Know Your VIP Customers
Over time, you’ll develop a handful of very important customers. These are customers who shop with you regularly. Whether you have a storefront where you see them walk in every day or you notice the similar address every time you send goods out, these individuals shop with you because they like what you offer and because of your customer service. To ensure they keep coming back, you need to both identify them as VIP and understand their shopping habits.
Have you noticed a large number of grocery store chains have established “club” accounts? Basically, you sign up for free, receive a card and receive the advertised discounts. Essentially, you are forced to sign up for the “club” if you want the reduced price. It doesn’t cost you anything, so why not? These club accounts do more than grant you access to reduced prices though. It helps inform the store what you purchase when you purchase it and how long it’s been since your last purchase. When a pattern is identified, the store becomes more likely to send special offers for items already purchased, but offers for products based on buying history. If a customer goes an extended period without a purchase, the company may send them additional discounts in hopes of bringing them back. This strategy could greatly benefit your company.
There are a few ways you can implement this “club” system. One way is to offer club cards or numbers for returning customers to use. You can also track their purchases based on credit card information, although this isn’t as helpful as many customers will change the card they use based on the purchase they make. There are CRM programs out there that can help you monitor these kinds of purchases. However you decide to implement it, doing so is a must as you’ll obtain more shopping information on your customers, which allows you to provide better discounts and offer special services to bringing customers back. (Super Office, 2017).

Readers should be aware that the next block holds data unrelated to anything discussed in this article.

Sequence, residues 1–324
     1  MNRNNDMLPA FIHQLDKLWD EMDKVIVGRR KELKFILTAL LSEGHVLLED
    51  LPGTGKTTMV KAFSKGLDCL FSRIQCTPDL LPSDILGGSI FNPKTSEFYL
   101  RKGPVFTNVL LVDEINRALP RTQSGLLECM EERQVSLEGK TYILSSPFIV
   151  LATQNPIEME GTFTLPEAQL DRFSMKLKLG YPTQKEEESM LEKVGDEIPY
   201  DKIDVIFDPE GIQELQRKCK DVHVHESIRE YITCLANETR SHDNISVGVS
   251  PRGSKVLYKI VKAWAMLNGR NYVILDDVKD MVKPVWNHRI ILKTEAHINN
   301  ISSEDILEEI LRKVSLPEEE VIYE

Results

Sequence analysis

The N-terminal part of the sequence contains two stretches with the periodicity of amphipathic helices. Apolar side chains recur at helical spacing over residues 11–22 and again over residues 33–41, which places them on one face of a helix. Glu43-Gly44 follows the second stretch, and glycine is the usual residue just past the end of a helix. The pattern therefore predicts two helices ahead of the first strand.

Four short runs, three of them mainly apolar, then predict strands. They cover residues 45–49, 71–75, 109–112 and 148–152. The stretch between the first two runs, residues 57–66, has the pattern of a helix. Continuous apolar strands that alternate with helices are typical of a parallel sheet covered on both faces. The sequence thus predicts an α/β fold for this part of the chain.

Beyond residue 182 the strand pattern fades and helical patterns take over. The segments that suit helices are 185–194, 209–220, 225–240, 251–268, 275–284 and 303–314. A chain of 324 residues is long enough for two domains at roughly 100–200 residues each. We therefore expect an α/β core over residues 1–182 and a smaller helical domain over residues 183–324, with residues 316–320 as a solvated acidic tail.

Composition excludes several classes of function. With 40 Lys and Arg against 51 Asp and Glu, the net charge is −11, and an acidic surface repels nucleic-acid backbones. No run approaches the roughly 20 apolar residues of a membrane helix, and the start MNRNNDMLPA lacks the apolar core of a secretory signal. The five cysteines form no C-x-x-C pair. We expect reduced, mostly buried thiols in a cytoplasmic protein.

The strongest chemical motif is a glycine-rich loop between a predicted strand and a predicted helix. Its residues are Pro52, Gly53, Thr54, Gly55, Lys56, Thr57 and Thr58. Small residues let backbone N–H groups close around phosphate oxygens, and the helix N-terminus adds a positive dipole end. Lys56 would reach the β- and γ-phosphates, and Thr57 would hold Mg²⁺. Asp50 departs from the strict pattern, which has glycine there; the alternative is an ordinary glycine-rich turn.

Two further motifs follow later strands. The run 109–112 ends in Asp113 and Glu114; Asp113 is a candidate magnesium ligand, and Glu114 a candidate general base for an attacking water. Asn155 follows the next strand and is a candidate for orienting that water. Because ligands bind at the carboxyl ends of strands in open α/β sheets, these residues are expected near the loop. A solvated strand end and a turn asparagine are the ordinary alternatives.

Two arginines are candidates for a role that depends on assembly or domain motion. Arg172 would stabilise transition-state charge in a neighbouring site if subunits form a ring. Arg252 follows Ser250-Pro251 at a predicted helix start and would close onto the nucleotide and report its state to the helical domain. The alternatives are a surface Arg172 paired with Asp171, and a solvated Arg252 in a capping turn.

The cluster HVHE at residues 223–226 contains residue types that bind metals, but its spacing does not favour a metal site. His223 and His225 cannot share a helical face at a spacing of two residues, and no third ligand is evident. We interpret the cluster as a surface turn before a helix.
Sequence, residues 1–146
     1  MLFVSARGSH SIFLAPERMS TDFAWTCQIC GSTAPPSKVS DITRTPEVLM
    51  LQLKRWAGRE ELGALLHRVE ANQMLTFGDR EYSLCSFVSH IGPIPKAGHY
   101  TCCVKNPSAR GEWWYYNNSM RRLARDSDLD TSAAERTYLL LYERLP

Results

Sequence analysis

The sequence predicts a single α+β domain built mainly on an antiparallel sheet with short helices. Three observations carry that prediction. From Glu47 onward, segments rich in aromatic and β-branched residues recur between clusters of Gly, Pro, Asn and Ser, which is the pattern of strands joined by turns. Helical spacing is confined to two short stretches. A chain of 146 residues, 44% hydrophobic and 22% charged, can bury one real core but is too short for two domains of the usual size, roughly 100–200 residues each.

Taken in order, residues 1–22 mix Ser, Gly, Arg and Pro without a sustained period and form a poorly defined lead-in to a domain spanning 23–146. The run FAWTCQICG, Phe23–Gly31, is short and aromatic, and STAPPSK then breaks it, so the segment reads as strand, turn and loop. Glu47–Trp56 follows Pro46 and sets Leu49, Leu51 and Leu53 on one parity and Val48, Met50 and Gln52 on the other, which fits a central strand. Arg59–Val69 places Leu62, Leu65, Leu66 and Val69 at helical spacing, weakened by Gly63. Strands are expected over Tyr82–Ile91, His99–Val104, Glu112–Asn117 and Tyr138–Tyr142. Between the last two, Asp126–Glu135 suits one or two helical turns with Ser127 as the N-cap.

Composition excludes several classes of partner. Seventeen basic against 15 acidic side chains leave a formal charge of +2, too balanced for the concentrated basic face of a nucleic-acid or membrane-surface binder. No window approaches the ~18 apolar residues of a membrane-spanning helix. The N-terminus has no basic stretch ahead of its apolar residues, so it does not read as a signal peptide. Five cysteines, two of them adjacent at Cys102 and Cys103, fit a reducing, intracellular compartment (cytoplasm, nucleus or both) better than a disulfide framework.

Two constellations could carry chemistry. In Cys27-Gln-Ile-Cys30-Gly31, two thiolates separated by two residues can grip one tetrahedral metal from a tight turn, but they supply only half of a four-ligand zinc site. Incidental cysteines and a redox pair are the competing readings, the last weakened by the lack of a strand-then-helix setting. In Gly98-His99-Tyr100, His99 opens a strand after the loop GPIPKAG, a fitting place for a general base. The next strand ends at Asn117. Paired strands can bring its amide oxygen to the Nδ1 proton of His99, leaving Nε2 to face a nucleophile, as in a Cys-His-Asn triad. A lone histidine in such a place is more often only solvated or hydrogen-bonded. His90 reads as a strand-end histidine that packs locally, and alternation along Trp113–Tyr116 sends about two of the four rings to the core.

As you progress with your marketing approach, you’ll discover the importance of personalization. To best attract prospective customers, you need to connect with them. There is no better way to do this than through marketing personalization, but this doesn’t just end with going after new leads. It should continue with your current lineup of customers. The only difference here is you provide the personalization after they make a purchase.
In order to cultivate a professional relationship and turn a one-time customer into a customer for life, you need to demonstrate your appreciation for their business. Even if they only spend a few dollars through your online store, this demonstration of appreciation will increase the chance of the customer returning and, potentially, making larger purchases.